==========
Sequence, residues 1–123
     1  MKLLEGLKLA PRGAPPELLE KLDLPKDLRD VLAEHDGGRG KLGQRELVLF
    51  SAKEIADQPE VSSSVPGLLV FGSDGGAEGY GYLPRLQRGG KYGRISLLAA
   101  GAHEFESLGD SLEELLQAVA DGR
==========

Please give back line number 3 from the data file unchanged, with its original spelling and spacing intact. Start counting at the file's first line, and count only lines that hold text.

    51  SAKEIADQPE VSSSVPGLLV FGSDGGAEGY GYLPRLQRGG KYGRISLLAA